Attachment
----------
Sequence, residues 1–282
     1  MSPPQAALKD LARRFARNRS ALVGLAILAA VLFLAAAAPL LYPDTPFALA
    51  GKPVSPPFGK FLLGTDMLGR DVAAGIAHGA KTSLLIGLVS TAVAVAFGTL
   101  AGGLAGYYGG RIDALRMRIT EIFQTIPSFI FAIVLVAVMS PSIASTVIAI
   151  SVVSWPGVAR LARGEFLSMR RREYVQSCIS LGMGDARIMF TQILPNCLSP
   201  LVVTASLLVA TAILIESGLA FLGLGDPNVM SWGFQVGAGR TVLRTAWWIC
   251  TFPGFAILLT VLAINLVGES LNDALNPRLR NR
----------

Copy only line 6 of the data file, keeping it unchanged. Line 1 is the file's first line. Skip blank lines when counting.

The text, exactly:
   201  LVVTASLLVA TAILIESGLA FLGLGDPNVM SWGFQVGAGR TVLRTAWWIC